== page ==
Schizophrenia

Schizophrenia is a mental disorder characterized by a breakdown of thought processes and by poor emotional responsiveness. It most commonly manifests itself as auditory hallucinations, paranoid or bizarre delusions, or disorganized speech and thinking, and it is accompanied by significant social or occupational dysfunction. Diagnosis is based on observed behavior and the patient's reported experiences.
  • Children with history of sexual abuse are at a higher risk of developing schizophrenic tendencies, a study said.
  • An Australian study suggests that children who are sexually abused, especially if it involves penetration, appear to be at higher risk for developing schizophrenia and other psychotic disorders, according to a report in the November issue of Archives of General Psychiatry, one of the JAMA/Archives journals.
  • The U.S. Food and Drug Administration today approved Latuda (lurasidone HCl) tablets for the treatment of adults with schizophrenia.
  • People with brain related conditions such as Parkinson's disease and schizophrenia have a window of hope, not far away- in their nose to be exact. A team of scientists at the National Centre for Adult Stem Cell Research at Griffith University in Queensland, Australia are investigating stem cells from within the nose to treat such conditions.
  • There is growing evidence that two neurotransmitters - dopamine and glutamate - are abnormal in people with psychotic illness, including schizophrenia. Among many other things, these chemicals play a role in cognitive functions, such as memory, learning, and problem-solving.
  • New research has linked psychosis with an abnormal relationship between two signalling chemicals in the brain. The findings, published in tomorrow's edition of the journal Biological Psychiatry, suggest a new approach to preventing psychotic symptoms, which could lead to better drugs for schizophrenia.
  • Billions of brain cells are communicating at any given moment. Like an organic supercomputer they keep everything going, from breathing to solving riddles, and "programming errors" can lead to serious conditions such as schizophrenia, Parkinson's Disease and Attention-Deficit Hyperactivity Disorder.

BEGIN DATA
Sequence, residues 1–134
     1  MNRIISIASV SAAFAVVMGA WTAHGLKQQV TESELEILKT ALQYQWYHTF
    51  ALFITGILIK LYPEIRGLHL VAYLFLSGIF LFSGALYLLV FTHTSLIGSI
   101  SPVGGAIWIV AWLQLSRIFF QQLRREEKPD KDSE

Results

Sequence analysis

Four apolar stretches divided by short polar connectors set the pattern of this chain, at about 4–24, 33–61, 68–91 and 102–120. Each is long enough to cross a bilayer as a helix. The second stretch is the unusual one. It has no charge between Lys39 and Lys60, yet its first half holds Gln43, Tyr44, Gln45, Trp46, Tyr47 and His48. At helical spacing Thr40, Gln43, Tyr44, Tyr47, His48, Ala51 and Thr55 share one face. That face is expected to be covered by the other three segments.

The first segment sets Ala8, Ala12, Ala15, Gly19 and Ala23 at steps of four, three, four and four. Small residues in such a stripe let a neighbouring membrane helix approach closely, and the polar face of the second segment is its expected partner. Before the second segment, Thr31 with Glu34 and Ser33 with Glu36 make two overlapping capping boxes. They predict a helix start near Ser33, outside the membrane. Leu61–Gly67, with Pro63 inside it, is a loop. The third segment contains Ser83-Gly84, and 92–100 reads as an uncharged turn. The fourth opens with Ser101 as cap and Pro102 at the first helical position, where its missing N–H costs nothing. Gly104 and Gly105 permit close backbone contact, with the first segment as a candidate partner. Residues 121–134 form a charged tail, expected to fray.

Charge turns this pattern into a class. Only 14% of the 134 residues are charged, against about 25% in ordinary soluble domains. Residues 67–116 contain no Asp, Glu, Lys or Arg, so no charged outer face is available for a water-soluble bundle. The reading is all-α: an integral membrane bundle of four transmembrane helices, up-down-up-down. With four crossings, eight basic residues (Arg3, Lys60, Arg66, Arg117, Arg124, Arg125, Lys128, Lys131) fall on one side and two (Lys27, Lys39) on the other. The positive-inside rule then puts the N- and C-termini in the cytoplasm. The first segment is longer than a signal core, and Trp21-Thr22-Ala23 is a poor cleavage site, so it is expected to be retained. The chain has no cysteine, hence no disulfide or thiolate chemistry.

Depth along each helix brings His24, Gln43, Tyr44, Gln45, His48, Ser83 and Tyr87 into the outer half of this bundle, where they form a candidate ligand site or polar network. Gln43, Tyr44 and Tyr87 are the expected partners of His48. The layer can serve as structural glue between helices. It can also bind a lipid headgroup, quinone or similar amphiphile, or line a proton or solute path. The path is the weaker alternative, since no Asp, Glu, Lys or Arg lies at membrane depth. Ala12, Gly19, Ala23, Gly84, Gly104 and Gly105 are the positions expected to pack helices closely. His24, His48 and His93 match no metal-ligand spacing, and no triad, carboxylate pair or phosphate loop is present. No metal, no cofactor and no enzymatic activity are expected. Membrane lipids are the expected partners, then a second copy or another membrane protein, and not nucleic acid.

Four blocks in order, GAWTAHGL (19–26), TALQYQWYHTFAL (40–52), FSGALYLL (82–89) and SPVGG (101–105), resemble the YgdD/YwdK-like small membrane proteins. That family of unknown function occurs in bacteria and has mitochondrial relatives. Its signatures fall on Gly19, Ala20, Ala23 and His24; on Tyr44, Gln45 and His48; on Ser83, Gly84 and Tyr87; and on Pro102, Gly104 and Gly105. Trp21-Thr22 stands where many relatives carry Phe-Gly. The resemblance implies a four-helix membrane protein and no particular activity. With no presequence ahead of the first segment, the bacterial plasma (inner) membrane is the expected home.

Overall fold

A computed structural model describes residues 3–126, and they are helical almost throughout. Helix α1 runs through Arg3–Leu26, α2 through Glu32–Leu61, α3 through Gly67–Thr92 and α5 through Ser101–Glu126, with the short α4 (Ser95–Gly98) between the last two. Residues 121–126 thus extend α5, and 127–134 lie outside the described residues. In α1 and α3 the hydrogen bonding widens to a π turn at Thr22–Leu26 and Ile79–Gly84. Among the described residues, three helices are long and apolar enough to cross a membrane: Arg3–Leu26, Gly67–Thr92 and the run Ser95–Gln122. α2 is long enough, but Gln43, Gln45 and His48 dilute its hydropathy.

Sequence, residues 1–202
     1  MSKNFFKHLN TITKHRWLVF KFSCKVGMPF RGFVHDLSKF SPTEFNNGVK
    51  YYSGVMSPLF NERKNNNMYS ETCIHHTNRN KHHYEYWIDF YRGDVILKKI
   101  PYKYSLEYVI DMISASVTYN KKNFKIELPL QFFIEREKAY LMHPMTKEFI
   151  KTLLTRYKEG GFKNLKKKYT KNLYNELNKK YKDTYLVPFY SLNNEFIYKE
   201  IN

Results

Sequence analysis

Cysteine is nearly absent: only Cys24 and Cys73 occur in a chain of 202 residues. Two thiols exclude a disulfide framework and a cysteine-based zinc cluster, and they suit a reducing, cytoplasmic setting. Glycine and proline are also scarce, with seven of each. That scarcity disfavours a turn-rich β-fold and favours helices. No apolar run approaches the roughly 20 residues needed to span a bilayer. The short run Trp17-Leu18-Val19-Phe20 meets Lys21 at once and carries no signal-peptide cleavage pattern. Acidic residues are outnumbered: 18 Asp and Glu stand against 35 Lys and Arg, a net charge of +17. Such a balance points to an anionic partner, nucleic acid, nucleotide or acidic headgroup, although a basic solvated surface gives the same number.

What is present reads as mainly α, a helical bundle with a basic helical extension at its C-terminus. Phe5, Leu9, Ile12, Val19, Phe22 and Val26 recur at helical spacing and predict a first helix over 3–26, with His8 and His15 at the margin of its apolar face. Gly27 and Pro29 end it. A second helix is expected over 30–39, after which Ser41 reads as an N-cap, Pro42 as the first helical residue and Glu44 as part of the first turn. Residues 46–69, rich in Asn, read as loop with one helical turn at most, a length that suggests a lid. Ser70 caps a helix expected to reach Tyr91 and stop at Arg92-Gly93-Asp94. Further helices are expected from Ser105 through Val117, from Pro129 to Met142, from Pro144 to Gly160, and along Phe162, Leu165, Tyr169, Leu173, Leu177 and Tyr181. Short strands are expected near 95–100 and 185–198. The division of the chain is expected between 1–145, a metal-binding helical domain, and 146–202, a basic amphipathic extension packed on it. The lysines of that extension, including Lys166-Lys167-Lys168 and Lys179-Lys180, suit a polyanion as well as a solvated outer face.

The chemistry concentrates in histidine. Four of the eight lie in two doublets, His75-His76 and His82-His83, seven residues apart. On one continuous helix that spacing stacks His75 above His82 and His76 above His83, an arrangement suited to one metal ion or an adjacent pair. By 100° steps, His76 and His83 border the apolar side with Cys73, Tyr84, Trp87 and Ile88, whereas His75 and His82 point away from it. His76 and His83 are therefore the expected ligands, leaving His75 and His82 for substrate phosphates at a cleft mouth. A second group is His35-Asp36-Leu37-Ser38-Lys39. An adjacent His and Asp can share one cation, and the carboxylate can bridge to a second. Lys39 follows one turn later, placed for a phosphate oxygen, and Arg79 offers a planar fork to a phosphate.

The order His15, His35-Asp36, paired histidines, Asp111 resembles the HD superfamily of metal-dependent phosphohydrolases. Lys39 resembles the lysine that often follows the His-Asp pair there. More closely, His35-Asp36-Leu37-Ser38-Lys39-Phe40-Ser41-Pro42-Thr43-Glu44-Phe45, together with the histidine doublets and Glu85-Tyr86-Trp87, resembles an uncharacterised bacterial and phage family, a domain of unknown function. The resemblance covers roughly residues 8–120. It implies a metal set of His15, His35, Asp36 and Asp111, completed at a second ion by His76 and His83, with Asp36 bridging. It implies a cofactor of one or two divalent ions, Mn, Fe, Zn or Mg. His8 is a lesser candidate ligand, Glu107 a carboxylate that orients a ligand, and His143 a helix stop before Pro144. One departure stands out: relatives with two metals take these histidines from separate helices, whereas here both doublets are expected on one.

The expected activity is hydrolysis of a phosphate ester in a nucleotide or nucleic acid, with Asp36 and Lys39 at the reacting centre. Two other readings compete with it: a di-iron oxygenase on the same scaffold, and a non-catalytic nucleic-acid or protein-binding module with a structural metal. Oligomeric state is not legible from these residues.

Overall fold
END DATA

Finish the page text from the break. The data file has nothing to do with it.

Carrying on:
• Patients with early-stage schizophrenia who receive a combination of medication and a psychosocial intervention appear less likely to discontinue treatment or relapse—and may have improved insight, quality of life and social functioning—than those taking medication alone, according to a report in the September issue of Archives of General Psychiatry, one of the JAMA/Archives journals.
  • The association between psychotic disorders and living in urban areas appears to be a reflection of increased social fragmentation present within cities, according to a report in the September issue of Archives of General Psychiatry, one of the JAMA/Archives journals.
  • It has been nearly a century since the term "schizophrenia" was first used to describe what was then considered a hopeless and incurable disorder of thought and emotion. Schizophrenia is still baffling to both scientists and the general public, but it is no longer considered hopeless. Significant advances have been made on several fronts in fathoming and combating this debilitating mental illness—from genetics to neuroscience to the psychosocial aspects of the disorder.
  • Infections like the flu are common occurrences during pregnancy, and research has shown that children born to mothers who suffered from flu, viruses and other infections during pregnancy have about a 1.5 to 7 times increased risk for schizophrenia. A new study out of Temple University examines what’s behind that link.
  • A group of scientists has identified a genetic variant that substantially increases the risk for developing schizophrenia in Ashkenazi Jewish and other populations. The study, published by Cell Press on August 5th in the American Journal of Human Genetics, associates a deletion on chromosome 3 with increased incidence of schizophrenia.
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